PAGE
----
This February, the new Raven Backcountry Festival raised $16,000 to support the Lisa Korthals Memorial Bursary.
Lisa died two years ago in an avalanche,and as I watched, via instagram, at a distance, as friends tried to mourn and remember her, while also self-isolating, it struck me that we are entering new territory right now, and will need to create some new rituals and ceremonies and practices to grieve, to mourn, to celebrate. Together, but apart. When all you really need is a hug, what do you do?
We may need to rediscover how to lament, as Tim Costello recently wrote in the Guardian.
As we mobilise for action on these fronts, I am concerned we are not preparing for the wave of grief that will have to be expressed alone, in ways totally foreign to our natural instinct to come together and physically embrace each other.
How will someone mourn the passing of their parent if they can’t sit with them in their final hours? How will we mark the loss of friends and colleagues when we aren’t allowed the time and space to honour them? How will local communities cope when loved health workers die?
How do we prepare for the sadness that will be thrust upon us?
We must prepare to rediscover the art of lament.
Lament is a one of those words that seems to have lost its meaning. Lament is not a label to put on a person or a situation – it’s the communal sharing of this grief, an act of solidarity that ensures no one needs to grieve alone, despite our physical distance.
If we are going to find a way to lament through the coming months, we need to start now by actively participating in our shared sense of exile. As Camus reminds us, it is about giving wandering shadows substance by rooting ourselves in the solid earth of our distress.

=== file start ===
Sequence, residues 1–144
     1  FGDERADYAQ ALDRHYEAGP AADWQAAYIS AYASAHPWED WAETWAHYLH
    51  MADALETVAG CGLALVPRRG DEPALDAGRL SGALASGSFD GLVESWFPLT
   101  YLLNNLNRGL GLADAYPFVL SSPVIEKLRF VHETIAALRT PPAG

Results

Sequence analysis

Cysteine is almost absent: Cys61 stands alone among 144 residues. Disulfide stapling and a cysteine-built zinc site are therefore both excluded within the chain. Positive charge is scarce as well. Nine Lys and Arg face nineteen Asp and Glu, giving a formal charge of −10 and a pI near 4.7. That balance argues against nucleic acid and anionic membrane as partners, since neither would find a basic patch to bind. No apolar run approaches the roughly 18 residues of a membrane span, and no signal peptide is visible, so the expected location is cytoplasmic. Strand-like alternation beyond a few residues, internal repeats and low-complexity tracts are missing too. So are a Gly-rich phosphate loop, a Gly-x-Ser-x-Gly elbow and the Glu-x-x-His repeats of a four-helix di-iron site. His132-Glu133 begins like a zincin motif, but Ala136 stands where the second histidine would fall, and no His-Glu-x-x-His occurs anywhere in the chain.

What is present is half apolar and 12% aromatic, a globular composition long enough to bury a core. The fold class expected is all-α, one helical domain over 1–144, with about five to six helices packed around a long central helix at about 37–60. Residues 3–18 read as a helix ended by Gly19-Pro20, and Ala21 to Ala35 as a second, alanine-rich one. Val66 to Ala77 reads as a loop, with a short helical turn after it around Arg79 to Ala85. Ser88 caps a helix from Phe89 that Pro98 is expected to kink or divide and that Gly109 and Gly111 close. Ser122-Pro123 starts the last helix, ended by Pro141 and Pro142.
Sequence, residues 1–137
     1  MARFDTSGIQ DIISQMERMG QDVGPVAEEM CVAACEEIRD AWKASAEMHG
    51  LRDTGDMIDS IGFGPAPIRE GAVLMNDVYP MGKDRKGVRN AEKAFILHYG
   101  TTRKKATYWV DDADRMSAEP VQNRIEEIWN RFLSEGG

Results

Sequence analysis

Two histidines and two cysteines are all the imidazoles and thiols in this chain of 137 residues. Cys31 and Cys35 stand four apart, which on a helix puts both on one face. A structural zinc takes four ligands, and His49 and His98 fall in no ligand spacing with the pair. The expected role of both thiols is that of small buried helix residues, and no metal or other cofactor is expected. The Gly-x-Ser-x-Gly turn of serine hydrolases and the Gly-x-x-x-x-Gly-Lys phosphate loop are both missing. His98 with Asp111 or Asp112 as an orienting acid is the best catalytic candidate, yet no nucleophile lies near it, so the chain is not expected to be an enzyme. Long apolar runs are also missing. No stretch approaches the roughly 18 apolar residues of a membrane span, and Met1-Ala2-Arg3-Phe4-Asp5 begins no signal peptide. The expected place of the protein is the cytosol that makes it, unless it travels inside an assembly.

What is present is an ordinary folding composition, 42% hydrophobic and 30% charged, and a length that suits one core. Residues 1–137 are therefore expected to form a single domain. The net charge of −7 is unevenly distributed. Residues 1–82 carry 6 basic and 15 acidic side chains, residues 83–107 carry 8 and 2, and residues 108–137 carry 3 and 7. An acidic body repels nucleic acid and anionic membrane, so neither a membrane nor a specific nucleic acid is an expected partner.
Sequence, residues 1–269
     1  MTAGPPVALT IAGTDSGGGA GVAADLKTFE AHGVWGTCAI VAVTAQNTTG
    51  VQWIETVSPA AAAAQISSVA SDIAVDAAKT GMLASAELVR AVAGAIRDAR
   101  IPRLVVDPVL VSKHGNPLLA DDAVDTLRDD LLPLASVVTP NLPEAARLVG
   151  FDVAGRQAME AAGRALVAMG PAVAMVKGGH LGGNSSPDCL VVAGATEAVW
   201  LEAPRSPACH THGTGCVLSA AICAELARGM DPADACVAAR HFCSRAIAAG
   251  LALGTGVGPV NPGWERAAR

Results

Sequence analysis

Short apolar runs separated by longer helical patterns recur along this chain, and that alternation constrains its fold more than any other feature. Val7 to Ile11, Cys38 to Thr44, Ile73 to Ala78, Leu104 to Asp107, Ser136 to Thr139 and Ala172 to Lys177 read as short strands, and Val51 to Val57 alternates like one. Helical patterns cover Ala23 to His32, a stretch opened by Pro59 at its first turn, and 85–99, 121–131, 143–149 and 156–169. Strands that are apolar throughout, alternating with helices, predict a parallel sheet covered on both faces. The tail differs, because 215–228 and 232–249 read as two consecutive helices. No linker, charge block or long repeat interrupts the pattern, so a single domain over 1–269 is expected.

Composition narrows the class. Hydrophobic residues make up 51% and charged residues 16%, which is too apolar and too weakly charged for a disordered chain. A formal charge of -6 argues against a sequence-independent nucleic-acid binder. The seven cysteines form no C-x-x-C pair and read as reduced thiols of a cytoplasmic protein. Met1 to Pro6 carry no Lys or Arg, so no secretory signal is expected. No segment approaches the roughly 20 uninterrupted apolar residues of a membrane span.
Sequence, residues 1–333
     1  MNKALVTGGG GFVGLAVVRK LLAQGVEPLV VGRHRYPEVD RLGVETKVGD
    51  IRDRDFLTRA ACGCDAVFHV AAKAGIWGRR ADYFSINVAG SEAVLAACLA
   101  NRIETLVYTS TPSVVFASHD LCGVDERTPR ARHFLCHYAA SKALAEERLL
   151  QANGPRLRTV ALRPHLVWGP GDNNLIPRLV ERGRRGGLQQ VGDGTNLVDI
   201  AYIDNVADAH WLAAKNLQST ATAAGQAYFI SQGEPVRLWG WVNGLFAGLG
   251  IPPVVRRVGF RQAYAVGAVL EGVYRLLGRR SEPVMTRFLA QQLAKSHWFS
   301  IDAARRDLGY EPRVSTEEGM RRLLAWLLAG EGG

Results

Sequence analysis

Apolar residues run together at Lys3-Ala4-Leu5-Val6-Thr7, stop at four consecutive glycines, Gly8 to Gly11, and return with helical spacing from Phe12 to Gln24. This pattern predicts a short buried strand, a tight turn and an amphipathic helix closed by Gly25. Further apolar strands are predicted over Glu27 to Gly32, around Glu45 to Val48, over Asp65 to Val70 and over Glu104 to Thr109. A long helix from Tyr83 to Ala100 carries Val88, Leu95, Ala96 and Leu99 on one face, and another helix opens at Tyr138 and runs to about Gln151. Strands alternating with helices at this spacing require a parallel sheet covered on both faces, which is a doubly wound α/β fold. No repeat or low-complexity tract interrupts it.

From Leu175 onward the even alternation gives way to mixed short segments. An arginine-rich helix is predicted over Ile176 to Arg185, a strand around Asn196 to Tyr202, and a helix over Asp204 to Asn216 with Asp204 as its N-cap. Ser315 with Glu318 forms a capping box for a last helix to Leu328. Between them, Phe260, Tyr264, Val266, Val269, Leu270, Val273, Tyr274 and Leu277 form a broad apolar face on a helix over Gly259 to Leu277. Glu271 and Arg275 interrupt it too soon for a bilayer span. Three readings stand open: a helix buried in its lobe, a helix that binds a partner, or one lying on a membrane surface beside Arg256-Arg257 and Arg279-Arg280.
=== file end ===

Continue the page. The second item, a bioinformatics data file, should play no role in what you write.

Sharing exile can take many forms, but it starts with developing common rituals – whether it is joining in online church services or choral events freely available, lighting a candle with friends across a Zoom meeting, clapping our valiant health workers on our doorstep at 8pm each evening or singing from balconies like the Lombards.
From their press release:
“We are thrilled with the community support for this new event” said Andy Meeker Tourism Pemberton Director and event co-organizer. “Thanks to all the event sponsors and people that came out to the event we have been able to surpass our fundraising goal and cover the costs for an aspiring female guide to get certified next year”.
“We want to share our heartfelt thanks for the generous contribution made by the Raven Backcountry Festival team to the Lisa Korthals Memorial Bursary” stated Vlad Lamorouex of the Canadian Ski Guide Association. “The donation will go a long way to supporting the bursary’s mission over the coming years”
Tourism Pemberton is grateful for the support of all the sponsors and community partners who helped make this inaugural event possible. They include Pemberton Valley Lodge, Yeti, Arc’teryx, Blackcomb Helicopters, Broken Boundary Adventures, Coast Mountain Guides, Extremely Canadian, Pemberton Brewing Co, Pemberton Distillery, The Beer Farmers, Big Sky Golf Course, Cheetah Factory Racing, Kye Shapes Skis, Foon Skis, Whistler Heli Skiing, The Pemberton Arts Council, Limelight Screen Printing, Copper Cayuse Outfitters, Mount Currie Coffee, Blackbird Bakery, The Village of Pemberton, Destination BC, Pemberton Valley Wellness, TLH Heliskiing, Icelandic Skis, Pemberdise Lifestyle, Valley Chainsaw, and www.wayneflannavalancheblog.com
About the Lisa Korthals Memorial Bursary
The Lisa Korthals bursary provides financial aid to those women who are pursuing a career in mechanized ski guiding through the CSGA. Eligible for any women applying to CSGI accredited courses such as CSGI Level 2, 3, SGSC or Touring Module. Preference will be given to someone that has already completed the Level 1 CSGI course and is looking to advance through the CSGA program.